Statius (praenomen)

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This page is about the Latin praenomen. For a list of prominent individuals with this name, see Statius (disambiguation).

Statius is a Latin praenomen, or personal name, which was used during the period of the Roman Republic, and into imperial times. It was not widely used at Rome, but gave rise to the patronymic gens Statilia. The feminine form is Statia. It is not usually abbreviated, but is sometimes found with the abbreviations St. and Sta.[1][2]

Origin and meaning of the name[edit]

Although it was occasionally used by families of Latin origin, the praenomen Statius occurs much more frequently in Oscan gentes, and particularly amongst the Samnites. Chase concludes that the name is clearly of Oscan origin, although it may be that it belongs to that class of names which was common to both Oscan and Latin.[3][4]

Aulus Gellius recorded the tradition that Statius was a name originally given to persons of servile origin. This belief probably arose because many of the people who bore this name at Rome arrived as captives taken during wars between Rome and various Oscan peoples. However, this belief also must have helped to prevent Statius from becoming a popular name at Rome. It is ironic that this tradition was recorded by Gellius, whose nomen reveals his own family's Oscan origin.[5][6]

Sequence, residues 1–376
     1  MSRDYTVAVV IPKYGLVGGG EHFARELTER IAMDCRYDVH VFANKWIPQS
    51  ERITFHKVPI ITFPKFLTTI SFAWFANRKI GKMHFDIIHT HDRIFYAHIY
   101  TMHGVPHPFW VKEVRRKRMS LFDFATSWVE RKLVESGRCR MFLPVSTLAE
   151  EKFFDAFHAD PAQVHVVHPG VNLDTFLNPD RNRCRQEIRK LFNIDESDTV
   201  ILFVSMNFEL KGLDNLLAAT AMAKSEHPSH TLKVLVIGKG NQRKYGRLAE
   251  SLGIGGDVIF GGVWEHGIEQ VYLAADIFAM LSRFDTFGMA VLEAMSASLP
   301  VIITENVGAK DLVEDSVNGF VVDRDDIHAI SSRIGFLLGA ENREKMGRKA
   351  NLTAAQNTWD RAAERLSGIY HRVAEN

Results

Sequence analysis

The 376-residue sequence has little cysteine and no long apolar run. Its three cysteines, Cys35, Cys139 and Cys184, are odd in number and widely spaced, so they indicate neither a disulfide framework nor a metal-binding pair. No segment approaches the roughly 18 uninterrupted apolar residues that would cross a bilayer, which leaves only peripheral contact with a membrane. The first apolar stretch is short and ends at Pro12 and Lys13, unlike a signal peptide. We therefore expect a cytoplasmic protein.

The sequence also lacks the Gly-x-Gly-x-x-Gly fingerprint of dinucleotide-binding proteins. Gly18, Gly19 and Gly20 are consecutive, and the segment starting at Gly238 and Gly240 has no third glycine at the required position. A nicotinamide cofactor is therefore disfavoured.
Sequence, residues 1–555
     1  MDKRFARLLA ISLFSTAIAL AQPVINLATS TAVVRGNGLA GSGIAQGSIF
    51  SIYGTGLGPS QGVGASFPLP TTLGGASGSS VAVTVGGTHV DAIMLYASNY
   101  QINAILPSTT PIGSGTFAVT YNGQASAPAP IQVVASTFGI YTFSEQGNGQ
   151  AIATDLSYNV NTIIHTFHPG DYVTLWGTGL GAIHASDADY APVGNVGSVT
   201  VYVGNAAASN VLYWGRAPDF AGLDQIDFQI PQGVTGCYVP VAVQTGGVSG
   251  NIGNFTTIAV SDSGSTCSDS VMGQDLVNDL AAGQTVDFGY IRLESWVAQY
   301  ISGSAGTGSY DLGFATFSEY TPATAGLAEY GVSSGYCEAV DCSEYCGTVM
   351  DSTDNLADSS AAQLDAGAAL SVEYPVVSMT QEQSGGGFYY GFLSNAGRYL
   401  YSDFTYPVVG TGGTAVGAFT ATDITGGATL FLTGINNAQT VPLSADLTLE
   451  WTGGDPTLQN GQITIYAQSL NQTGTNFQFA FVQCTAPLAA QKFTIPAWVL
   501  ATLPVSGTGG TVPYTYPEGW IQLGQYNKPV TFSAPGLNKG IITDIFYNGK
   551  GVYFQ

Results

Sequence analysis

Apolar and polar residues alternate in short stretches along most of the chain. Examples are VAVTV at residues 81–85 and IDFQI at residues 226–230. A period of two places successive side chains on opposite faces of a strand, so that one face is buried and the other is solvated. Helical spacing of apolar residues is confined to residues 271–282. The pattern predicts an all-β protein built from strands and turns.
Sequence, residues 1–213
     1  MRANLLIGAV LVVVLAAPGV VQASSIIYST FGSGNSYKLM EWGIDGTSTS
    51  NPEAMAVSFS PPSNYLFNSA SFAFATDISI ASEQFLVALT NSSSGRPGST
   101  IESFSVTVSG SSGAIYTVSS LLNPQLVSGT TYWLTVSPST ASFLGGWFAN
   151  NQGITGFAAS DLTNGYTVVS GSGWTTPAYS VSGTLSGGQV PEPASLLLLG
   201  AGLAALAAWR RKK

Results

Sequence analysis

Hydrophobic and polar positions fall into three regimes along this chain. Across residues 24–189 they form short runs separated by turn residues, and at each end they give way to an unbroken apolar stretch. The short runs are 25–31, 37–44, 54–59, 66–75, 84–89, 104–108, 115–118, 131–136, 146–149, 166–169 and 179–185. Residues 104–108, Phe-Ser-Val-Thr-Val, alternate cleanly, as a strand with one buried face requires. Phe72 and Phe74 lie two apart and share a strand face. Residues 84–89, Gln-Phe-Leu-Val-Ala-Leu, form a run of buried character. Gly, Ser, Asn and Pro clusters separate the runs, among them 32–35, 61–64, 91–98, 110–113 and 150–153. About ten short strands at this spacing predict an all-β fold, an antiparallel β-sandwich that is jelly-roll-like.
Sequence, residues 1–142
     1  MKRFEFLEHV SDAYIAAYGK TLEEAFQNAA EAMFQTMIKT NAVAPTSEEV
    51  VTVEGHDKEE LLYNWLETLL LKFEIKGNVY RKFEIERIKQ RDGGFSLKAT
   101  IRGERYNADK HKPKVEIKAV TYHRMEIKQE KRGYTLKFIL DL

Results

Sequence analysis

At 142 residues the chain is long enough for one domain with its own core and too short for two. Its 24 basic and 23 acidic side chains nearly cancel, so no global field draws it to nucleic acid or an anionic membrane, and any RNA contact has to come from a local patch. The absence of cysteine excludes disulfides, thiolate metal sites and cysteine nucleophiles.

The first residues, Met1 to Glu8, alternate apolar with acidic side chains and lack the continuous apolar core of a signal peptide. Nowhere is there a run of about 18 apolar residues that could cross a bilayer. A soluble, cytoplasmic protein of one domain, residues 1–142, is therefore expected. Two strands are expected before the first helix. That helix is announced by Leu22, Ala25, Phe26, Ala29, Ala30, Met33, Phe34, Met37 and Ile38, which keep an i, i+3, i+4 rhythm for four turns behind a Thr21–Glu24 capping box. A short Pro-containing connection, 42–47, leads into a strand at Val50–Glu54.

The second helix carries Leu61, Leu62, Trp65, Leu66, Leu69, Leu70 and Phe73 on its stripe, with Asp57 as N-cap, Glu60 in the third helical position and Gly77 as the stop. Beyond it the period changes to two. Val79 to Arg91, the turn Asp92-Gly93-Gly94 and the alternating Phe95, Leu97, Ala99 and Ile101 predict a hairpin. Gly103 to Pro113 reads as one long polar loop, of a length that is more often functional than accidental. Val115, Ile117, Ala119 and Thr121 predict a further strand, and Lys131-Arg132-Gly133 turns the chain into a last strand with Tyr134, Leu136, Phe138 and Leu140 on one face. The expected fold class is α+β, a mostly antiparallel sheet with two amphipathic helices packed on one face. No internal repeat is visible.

Notes[edit]

  1. ^ Realencyclopädie der Classischen Altertumswissenschaft
  2. ^ George Davis Chase, "The Origin of Roman Praenomina", in Harvard Studies in Classical Philology, vol. VIII (1897)
  3. ^ Titus Livius, Ab Urbe Condita, books IX, XXIII
  4. ^ George Davis Chase, "The Origin of Roman Praenomina", in Harvard Studies in Classical Philology, vol. VIII (1897)
  5. ^ Aulus Gellius, Noctes Atticae
  6. ^ George Davis Chase, "The Origin of Roman Praenomina", in Harvard Studies in Classical Philology, vol. VIII (1897)